doi:10.1371/journal.pone.0033546
PMCID: PMC3299802  PMID: 22428068
9.  Absence of bacterially induced RELMβ reduces injury in the dextran sodium sulfate model of colitis 
Journal of Clinical Investigation  2006;116(11):2914-2923.
Although inflammatory bowel disease (IBD) is the result of a dysregulated immune response to commensal gut bacteria in genetically predisposed individuals, the mechanism(s) by which bacteria lead to the development of IBD are unknown. Interestingly, deletion of intestinal goblet cells protects against intestinal injury, suggesting that this epithelial cell lineage may produce molecules that exacerbate IBD. We previously reported that resistin-like molecule β (RELMβ; also known as FIZZ2) is an intestinal goblet cell–specific protein that is induced upon bacterial colonization whereupon it is expressed in the ileum and colon, regions of the gut most often involved in IBD. Herein, we show that disruption of this gene reduces the severity of colitis in the dextran sodium sulfate (DSS) model of murine colonic injury. Although RELMβ does not alter colonic epithelial proliferation or barrier function, we show that recombinant protein activates macrophages to produce TNF-α both in vitro and in vivo. RELMβ expression is also strongly induced in the terminal ileum of the SAMP1/Fc model of IBD. These results suggest a model whereby the loss of epithelial barrier function by DSS results in the activation of the innate mucosal response by RELMβ located in the lumen, supporting the hypothesis that this protein is a link among goblet cells, commensal bacteria, and the pathogenesis of IBD.
doi:10.1172/JCI28121
PMCID: PMC1590268  PMID: 17024245
10.  Campylobacter jejuni Disrupts Protective Toll-Like Receptor 9 Signaling in Colonic Epithelial Cells and Increases the Severity of Dextran Sulfate Sodium-Induced Colitis in Mice 
Infection and Immunity  2012;80(4):1563-1571.
Inflammatory bowel disease (IBD) is characterized by chronic intestinal inflammation associated with a dysregulated immune response to commensal bacteria in susceptible individuals. The relapse of IBD may occur following an infection with Campylobacter jejuni. Apical epithelial Toll-like receptor 9 (TLR9) activation by bacterial DNA is reported to maintain colonic homeostasis. We investigated whether a prior C. jejuni infection disrupts epithelial TLR9 signaling and increases the severity of disease in a model of mild dextran sulfate sodium (DSS) colitis in mice. In a further attempt to identify mechanisms, T84 monolayers were treated with C. jejuni followed by a TLR9 agonist. Transepithelial resistance (TER) and dextran flux across confluent monolayers were monitored. Immunohistochemistry, Western blotting, and flow cytometry were used to examine TLR9 expression. Mice colonized by C. jejuni lacked any detectable pathology; however, in response to low levels of DSS, mice previously exposed to C. jejuni exhibited significantly reduced weight gain and increased occult blood and histological damage scores. Infected mice treated with DSS also demonstrated a significant reduction in levels of the anti-inflammatory cytokine interleukin-25. In vitro studies indicated that apical application of a TLR9 agonist enhances intestinal epithelial barrier function and that this response is lost in C. jejuni-infected monolayers. Furthermore, infected cells secreted significantly more CXCL8 following the basolateral application of a TLR9 agonist. Surface TLR9 expression was reduced in C. jejuni-infected monolayers subsequently exposed to a TLR9 agonist. In conclusion, infection by C. jejuni disrupts TLR9-induced reinforcement of the intestinal epithelial barrier, and colonization by C. jejuni increases the severity of mild DSS colitis.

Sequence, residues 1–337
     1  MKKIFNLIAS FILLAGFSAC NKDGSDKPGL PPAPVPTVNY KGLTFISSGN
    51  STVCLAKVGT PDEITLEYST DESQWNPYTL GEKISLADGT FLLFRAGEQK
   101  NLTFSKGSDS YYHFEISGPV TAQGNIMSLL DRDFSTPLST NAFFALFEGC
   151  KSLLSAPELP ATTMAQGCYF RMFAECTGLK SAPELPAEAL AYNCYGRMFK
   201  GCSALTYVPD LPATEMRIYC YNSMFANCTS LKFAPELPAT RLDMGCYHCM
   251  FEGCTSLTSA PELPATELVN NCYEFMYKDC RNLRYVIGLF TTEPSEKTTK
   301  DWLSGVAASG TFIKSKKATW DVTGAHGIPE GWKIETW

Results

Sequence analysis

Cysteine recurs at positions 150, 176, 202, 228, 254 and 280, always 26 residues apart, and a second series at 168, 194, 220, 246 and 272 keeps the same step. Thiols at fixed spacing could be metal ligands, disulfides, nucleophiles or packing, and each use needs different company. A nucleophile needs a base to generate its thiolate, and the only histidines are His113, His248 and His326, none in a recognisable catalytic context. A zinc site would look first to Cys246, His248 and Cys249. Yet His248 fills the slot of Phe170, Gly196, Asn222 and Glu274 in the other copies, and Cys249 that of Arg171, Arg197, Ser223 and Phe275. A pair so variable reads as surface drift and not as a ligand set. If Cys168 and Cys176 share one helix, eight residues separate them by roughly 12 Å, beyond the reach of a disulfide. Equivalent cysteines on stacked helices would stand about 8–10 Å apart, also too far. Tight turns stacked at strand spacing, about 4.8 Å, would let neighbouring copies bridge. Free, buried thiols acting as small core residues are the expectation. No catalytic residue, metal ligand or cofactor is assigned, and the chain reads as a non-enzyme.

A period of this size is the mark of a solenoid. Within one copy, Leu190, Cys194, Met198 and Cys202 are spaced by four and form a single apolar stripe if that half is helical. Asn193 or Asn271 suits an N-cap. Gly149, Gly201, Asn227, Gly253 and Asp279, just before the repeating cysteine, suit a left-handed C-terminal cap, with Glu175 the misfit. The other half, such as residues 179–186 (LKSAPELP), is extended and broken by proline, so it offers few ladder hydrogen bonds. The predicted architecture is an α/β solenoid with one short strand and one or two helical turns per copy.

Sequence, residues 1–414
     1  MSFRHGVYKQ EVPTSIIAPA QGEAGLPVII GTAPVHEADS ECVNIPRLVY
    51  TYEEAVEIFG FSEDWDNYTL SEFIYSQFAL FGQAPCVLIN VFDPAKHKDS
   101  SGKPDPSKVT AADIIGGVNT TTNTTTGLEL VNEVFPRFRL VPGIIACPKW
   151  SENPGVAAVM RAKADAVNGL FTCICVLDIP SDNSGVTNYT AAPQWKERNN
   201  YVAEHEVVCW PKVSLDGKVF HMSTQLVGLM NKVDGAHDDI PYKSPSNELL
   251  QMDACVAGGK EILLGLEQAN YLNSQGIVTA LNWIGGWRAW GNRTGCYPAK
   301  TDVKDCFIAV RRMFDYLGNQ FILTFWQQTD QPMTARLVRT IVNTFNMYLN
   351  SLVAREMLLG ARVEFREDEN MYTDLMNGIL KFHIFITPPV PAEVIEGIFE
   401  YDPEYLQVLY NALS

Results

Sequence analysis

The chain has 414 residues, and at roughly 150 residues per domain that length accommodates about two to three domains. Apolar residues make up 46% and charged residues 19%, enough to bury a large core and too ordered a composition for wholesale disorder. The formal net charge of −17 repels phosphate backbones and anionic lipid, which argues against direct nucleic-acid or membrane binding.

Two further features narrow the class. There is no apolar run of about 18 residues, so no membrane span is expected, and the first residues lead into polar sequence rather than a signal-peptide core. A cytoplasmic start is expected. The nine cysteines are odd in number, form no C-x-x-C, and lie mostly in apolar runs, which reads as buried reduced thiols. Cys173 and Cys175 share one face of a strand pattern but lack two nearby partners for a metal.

doi:10.1128/IAI.06066-11
PMCID: PMC3318425  PMID: 22311925
11.  Aberrant Mucin Assembly in Mice Causes Endoplasmic Reticulum Stress and Spontaneous Inflammation Resembling Ulcerative Colitis 
PLoS Medicine  2008;5(3):e54.
Background
MUC2 mucin produced by intestinal goblet cells is the major component of the intestinal mucus barrier. The inflammatory bowel disease ulcerative colitis is characterized by depleted goblet cells and a reduced mucus layer, but the aetiology remains obscure. In this study we used random mutagenesis to produce two murine models of inflammatory bowel disease, characterised the basis and nature of the inflammation in these mice, and compared the pathology with human ulcerative colitis.
Methods and Findings
By murine N-ethyl-N-nitrosourea mutagenesis we identified two distinct noncomplementing missense mutations in Muc2 causing an ulcerative colitis-like phenotype. 100% of mice of both strains developed mild spontaneous distal intestinal inflammation by 6 wk (histological colitis scores versus wild-type mice, p < 0.01) and chronic diarrhoea. Monitoring over 300 mice of each strain demonstrated that 25% and 40% of each strain, respectively, developed severe clinical signs of colitis by age 1 y. Mutant mice showed aberrant Muc2 biosynthesis, less stored mucin in goblet cells, a diminished mucus barrier, and increased susceptibility to colitis induced by a luminal toxin. Enhanced local production of IL-1β, TNF-α, and IFN-γ was seen in the distal colon, and intestinal permeability increased 2-fold. The number of leukocytes within mesenteric lymph nodes increased 5-fold and leukocytes cultured in vitro produced more Th1 and Th2 cytokines (IFN-γ, TNF-α, and IL-13). This pathology was accompanied by accumulation of the Muc2 precursor and ultrastructural and biochemical evidence of endoplasmic reticulum (ER) stress in goblet cells, activation of the unfolded protein response, and altered intestinal expression of genes involved in ER stress, inflammation, apoptosis, and wound repair. Expression of mutated Muc2 oligomerisation domains in vitro demonstrated that aberrant Muc2 oligomerisation underlies the ER stress. In human ulcerative colitis we demonstrate similar accumulation of nonglycosylated MUC2 precursor in goblet cells together with ultrastructural and biochemical evidence of ER stress even in noninflamed intestinal tissue. Although our study demonstrates that mucin misfolding and ER stress initiate colitis in mice, it does not ascertain the genetic or environmental drivers of ER stress in human colitis.